Japan’s environment minister said on Tuesday that Tokyo Electric Power will soon run out of room to store the radioactive water from its destroyed Fukushima nuclear power plant, and they will now have to dump it into the Pacific Ocean.
Tokyo Electric (or Tepco) has collected more than 1 million tonnes of contaminated water from the cooling pipes used to keep fuel cores from melting since the plant was devastated by an earthquake and tsunami in 2011. Yoshiaki Harada, the minister, told a news briefing in Tokyo:
“The only option will be to drain it into the sea and dilute it. The whole of the government will discuss this, but I would like to offer my simple opinion.”
If the Japanese government tells Tepco to dump the waste into the sea, it would anger neighbors such as South Korea, who is already concerned about how the the country will deal with the Fukushima water.
The relationship between the East Asian nations is already tense following a dispute over pay for Koreans ordered to work in Japanese factories during World War Two. A South Korean diplomat (who requested anonymity due to the sensitivity of bilateral ties) told Reuters:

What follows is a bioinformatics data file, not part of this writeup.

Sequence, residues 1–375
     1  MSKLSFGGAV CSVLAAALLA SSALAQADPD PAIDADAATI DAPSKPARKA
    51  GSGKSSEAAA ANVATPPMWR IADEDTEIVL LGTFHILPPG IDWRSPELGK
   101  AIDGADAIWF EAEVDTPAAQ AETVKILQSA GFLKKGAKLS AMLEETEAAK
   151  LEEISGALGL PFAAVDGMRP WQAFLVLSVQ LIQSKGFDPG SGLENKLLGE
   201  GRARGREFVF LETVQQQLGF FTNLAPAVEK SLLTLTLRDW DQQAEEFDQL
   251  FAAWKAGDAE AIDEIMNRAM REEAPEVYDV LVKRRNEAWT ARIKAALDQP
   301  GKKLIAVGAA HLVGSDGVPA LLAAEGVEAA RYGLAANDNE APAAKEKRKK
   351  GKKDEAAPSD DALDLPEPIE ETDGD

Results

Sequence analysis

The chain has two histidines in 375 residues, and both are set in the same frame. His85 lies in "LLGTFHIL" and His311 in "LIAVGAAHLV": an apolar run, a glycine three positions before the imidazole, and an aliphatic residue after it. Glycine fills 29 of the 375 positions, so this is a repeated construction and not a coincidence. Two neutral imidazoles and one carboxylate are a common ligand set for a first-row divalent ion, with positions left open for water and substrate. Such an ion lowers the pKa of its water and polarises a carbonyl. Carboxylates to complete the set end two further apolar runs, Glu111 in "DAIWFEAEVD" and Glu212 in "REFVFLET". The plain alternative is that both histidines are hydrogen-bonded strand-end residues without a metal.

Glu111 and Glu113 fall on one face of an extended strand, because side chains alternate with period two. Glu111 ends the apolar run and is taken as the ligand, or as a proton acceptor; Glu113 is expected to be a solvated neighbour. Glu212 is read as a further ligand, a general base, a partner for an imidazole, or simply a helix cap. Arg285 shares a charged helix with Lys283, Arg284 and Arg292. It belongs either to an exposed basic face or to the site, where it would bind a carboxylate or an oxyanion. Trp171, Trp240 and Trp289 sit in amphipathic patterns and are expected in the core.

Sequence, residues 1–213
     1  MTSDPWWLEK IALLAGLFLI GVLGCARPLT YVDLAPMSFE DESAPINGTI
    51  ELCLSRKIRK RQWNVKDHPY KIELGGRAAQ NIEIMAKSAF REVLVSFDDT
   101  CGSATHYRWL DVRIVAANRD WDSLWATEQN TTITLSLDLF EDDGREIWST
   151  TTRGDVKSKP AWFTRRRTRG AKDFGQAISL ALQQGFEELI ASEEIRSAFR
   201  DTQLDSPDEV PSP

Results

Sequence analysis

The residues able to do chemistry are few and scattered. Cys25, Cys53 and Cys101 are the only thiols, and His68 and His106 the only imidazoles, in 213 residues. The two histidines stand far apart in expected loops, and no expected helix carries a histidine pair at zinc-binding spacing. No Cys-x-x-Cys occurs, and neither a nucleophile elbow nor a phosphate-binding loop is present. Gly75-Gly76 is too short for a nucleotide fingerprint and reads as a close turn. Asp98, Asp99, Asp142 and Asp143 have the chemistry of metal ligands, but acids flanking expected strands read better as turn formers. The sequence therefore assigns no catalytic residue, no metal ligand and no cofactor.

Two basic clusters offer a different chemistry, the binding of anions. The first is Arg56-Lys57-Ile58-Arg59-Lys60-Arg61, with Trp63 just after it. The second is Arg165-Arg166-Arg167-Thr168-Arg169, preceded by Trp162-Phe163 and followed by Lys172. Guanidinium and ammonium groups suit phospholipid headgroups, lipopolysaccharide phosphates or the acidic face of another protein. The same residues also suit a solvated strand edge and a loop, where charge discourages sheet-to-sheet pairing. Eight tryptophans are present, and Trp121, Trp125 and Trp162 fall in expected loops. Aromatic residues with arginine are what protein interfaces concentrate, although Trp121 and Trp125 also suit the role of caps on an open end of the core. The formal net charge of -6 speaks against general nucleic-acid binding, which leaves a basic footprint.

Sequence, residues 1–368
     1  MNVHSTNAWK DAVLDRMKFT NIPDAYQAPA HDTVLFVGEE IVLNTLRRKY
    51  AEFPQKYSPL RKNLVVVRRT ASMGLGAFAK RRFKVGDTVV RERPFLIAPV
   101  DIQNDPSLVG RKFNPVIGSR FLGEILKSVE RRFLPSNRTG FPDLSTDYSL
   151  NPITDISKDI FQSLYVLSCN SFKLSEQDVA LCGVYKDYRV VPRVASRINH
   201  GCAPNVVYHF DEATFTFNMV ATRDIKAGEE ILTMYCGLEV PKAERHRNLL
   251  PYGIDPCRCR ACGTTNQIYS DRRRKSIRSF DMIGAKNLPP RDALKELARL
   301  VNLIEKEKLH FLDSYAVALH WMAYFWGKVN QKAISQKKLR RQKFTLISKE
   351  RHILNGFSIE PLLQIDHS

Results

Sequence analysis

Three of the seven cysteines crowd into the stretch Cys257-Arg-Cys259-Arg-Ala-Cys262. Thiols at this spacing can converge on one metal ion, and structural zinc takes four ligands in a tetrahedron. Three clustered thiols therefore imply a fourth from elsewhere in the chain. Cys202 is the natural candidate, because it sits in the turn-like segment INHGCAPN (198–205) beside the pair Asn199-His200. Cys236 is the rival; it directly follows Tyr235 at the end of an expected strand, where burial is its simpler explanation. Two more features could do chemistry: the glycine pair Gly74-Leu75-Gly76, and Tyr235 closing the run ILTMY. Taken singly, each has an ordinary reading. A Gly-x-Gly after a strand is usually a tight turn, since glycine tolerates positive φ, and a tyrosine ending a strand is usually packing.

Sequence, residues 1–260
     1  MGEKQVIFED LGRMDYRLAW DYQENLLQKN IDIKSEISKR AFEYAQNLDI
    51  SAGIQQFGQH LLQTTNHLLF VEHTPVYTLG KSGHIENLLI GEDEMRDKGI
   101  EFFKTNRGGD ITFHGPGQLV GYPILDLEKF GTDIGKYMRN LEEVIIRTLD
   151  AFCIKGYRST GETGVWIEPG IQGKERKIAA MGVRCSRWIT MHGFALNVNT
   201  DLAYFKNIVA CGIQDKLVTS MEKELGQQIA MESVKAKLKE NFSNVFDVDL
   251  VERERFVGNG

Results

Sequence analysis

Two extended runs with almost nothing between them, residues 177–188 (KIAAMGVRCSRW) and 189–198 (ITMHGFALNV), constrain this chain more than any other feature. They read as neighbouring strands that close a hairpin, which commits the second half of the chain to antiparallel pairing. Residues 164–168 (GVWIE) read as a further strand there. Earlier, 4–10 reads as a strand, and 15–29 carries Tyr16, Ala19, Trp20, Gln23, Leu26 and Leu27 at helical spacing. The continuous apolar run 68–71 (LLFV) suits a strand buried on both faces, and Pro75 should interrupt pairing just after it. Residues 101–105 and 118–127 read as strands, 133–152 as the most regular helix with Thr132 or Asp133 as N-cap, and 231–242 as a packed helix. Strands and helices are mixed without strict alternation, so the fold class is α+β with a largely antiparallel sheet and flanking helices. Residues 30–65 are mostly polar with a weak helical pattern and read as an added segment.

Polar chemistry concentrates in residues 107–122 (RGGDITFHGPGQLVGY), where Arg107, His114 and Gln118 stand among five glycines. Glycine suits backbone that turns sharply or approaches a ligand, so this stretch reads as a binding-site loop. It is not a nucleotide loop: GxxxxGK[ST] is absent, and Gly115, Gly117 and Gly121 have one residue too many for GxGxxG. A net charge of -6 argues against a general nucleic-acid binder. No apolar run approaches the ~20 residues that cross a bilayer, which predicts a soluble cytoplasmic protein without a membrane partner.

South Korea’s foreign ministry said in a statement said it had asked Japan “to take a wise and prudent decision on the issue.”
Coastal nuclear plants regularly dump water into the ocean that contains tritium, which is an isotope of hydrogen that is hard to separate. It is considered to be nearly harmless.
Tepco also faces resistance from fishermen, after the utility company admitted last year that the water in its tanks still included contaminants beside tritium.
Senior nuclear specialist with Greenpeace Germany, Shaun Burnie,said in an email:
We will keep you updated on this unfortunate situation.
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